Bunsen Peak beholds a vast array of wildlife, and incredible views. Be sure to hike this trail if you have a few spare hours while in the park!
Top Five Hiking Trails Picks Electric Peak Views: With a mixture of grasslands, wildlife, and various peaks, Electric Peak is a multi-day trek worth taking. The top of the trail beholds views across Yellowstone National Park, even showing the Tetons to the southern region.
Bunsen Peak to Osprey Falls Views: This gorgeous hike runs along both Swan Lake Meadows and the rim of Sheepeater Canyon, where both places are abundant with wildlife. Deep switchbacks lead down to Osprey Falls, standing about 150 feet high.
Pebble Creek Views: A steep start leads up to views of Soda Butte Creek, Abiathar Peak, and Amphitheater Mountain. The rest of the trail is downhill, reaching Pebble Creek with stunning meadows of wildflowers beyond. There are five backcountry camp sites if you want to make it a two day trek.
Crazy Creek Views: Winding along the river canyon of the Clarks Fork of the Yellowstone River, this scenic hike will take you on an easy path crossing rolling hills and alpine meadows.
Trout Lake Views: This twelve-acre lake is surrounded by rolling meadows, forests, and a great mountain view. With itâ€™s collection of rainbow trout, Trout Lake is a great hike for those hoping for a great day of fishing with some incredible views.
Nearby: Mammoth USGS: Mammoth, Quadrant Mountain, Electric Peak Skill Level: Difficult Length: 21 miles Duration: Can be a long day hike, or a multi-day backpack Trail Type: Out-and-back Elevation Gain: 3,691 ft Nearby: Mammoth USGS: Mammoth Skill Level: Difficult Length: 8 miles Duration: 4 hours Trail Type: Out-and-back Elevation Gain: 1,345 ft Nearby: Silver Gate, MT USGS: Abiathar Peak Skill Level: Difficult start and then easy to moderate Length: 12 miles Duration: Either a long day hike, or overnighter Trail Type: Through Hike Elevation Gain: 1,017 ft Nearby: Hurricane Mesa USGS: Muddy Creek, Hunter Peak Skill Level: Easy Length: 5 miles Duration: 2.5 hours Trail Type: Out-and-back Elevation Gain: Minimal Nearby: Tower USGS: Abiathar Peak and Mt. Hornaday Skill Level: Easy to moderate Length: 2.2 miles Duration: 1 hour Trail Type: Loop Elevation Gain: 200 ft
FOR A BETTER EXPERIENCE The Mini Hozuki Lantern A compact, bright and versatile LED camping light. Intuitive controls, warm candle-like tone and a powerful magnetic fastener make this the perfect light source to light up small spaces.
GADGETS Titanium Spork
Single Action Low Table Snow Peakâ€™s newest table that offers a more portable version of our patented single action bamboo table design.
A Snow Peak staple, the lightweight and durable Titanium Spork is the ultimate backpacking utensil. Available in brilliant anodized colors.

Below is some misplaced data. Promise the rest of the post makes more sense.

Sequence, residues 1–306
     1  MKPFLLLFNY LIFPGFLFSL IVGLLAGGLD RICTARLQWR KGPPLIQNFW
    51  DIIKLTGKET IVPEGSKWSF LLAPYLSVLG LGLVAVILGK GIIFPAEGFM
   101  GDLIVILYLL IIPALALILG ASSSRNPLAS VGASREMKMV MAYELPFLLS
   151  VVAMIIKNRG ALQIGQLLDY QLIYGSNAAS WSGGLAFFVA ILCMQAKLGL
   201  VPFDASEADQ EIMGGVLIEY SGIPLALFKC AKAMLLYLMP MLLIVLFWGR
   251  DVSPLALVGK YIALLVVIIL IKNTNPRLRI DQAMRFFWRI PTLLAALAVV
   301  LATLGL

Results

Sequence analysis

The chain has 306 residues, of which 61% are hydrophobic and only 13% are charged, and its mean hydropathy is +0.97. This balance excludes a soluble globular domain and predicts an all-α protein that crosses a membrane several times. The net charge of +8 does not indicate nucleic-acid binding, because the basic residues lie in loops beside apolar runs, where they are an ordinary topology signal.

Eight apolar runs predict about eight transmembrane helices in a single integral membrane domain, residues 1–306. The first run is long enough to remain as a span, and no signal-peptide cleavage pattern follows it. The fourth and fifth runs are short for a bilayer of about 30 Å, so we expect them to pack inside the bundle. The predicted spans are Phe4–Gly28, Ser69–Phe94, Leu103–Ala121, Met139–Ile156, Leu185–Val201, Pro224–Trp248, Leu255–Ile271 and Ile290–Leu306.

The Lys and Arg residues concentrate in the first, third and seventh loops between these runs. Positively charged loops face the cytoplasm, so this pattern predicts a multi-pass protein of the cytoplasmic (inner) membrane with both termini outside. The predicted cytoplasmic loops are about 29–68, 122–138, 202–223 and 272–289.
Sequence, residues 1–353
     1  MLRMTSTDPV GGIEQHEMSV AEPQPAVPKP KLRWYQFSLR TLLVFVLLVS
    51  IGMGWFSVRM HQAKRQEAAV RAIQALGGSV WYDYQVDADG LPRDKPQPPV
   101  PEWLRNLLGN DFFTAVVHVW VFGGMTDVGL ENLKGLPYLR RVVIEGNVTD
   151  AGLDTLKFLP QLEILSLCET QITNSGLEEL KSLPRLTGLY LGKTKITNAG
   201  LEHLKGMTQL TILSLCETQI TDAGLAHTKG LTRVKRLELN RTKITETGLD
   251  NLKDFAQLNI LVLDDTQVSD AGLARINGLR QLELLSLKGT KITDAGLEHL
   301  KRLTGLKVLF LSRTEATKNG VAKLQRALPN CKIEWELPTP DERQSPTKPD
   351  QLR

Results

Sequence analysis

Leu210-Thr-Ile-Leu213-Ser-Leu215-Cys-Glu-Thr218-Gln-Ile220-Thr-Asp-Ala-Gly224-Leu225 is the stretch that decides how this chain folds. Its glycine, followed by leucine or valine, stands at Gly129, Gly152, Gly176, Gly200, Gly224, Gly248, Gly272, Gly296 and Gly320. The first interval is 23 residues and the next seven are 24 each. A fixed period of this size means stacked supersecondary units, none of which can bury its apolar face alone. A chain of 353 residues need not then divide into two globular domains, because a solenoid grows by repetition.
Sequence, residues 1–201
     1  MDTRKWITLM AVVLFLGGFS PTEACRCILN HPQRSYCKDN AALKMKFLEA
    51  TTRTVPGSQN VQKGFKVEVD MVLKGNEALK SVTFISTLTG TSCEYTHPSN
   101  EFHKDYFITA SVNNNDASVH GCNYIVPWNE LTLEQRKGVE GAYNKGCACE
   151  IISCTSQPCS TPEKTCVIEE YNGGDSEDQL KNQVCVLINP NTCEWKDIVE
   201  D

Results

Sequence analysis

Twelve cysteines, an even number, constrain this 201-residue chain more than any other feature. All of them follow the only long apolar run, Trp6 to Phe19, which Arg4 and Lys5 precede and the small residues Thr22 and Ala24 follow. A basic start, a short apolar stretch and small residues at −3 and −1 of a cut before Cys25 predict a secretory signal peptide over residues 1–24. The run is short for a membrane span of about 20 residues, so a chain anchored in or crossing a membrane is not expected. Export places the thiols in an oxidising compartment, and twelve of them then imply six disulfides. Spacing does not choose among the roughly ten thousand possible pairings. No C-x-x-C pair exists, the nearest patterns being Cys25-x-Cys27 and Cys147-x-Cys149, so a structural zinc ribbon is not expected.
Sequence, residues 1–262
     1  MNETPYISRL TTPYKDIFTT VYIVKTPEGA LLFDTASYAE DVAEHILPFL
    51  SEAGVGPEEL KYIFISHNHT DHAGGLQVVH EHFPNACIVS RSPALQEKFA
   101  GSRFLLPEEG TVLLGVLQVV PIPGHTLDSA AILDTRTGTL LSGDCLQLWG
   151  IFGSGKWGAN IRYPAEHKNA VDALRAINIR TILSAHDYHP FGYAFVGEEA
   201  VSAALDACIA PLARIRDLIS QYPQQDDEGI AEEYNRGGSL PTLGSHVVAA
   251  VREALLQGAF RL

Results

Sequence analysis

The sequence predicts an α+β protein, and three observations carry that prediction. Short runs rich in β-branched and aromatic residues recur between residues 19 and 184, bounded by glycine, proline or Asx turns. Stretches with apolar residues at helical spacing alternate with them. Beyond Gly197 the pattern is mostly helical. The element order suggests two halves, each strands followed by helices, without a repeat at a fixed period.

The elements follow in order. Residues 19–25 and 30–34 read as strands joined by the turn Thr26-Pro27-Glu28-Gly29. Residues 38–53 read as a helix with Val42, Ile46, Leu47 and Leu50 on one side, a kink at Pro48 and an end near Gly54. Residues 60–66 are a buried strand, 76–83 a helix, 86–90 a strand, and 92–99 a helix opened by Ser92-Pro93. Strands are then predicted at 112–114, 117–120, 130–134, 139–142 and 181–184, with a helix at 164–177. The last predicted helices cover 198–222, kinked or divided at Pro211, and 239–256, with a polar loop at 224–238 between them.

Lapel Torch A bright and versatile hands-free LED light, the Lapel Torch clips to your shirt, backpack or elsewhere with a powerful magnetic clasp.
SnowMiner Headlamp This award winning headlamp seamlessly switches between a bright headlamp and a lantern with soft, diffused light.
Kanpai Bottle 500 Snow Peakâ€™s popular stainless steel Kanpai bottle is a double-walled, vacuum-sealed container designed to keep drinks hot or cold for more than six hours.
Trek 700 Titanium The perfect solo titanium cookset, the Trek 700 lets you measure, boil and strain.
The Elk Fork By LESLIE COLIN TRIBBLE Elk Fork is popular with hikers, horseback riders and hunters. It’ll take you into the mighty Washakie Wilderness, one of the most wild sections of land in the lower 48. At just under seven miles in length, this out and back trail offers a great way to experience the Absaroka Mountains and the Greater Yellowstone Ecosystem. It’s a relatively low elevation trail, opening up earlier in the spring than some other local hikes. In summer it can be downright toasty.
What Makes It Great Elk Fork is one of the major creeks flowing into the North Fork of the Shoshone River. This trail is a relatively easy hike since it follows the drainage, but there are some short, steep sections. You’ll traverse through pine and fir forests but get some great views of the higher peaks. The wide trail is wellmaintained so it makes a good day outing for families, even those with young children. The trail hugs the western facing slope of the hill so it can be sunny and warm especially during late summer. Access to Elk Fork itself is limited but there are several side paths down to the water if you need to cool off. This portion of the trail ends at the first significant creek crossing, 3.3 miles from the trailhead. Your chances of seeing wildlife are high on this trail, including mule deer, elk, bighorn sheep and even black or grizzly bears. If you want, you can continue on the trail further into the Washakie Wilderness and on to the Teton Wilderness. Be prepared for two fast moving river crossings.
Who Is Going to Love It This is a favorite trail for locals due to the views and moderate elevation gain. The Elk Fork campground is open year round so you won’t have to worry about hopping a gate to get to the trailhead. If you’re nervous about being in the wilderness, the Elk Fork trail is a good place to get acclimated. You can test out new equipment, introduce the kids to hiking and use it as a good warm up for the hiking season. Also, the openness of the trail lets you see around bends so there are fewer chances of startling any wild animals that might be out and about, such as bears.
Directions, Trailheads, Parking From Cody travel about 28 miles west, past the Forest Service Wapiti Ranger Station. The ranger station is manned by volunteers during the summer and a great place to get current information. Turn left (south) at the Elk Fork Campground. Drive through the campground to the south end past the horse trailer parking lot. There is plenty of parking for cars here, but you can also park with the horse trailers. The trail is part of the Shoshone National Forest so leashed pets are permitted. Carry bear spray and know how to use it. Water and restrooms are available at the campground during the summer season. This is a very popular campground and trail for hunters in the fall so wear reflective clothing.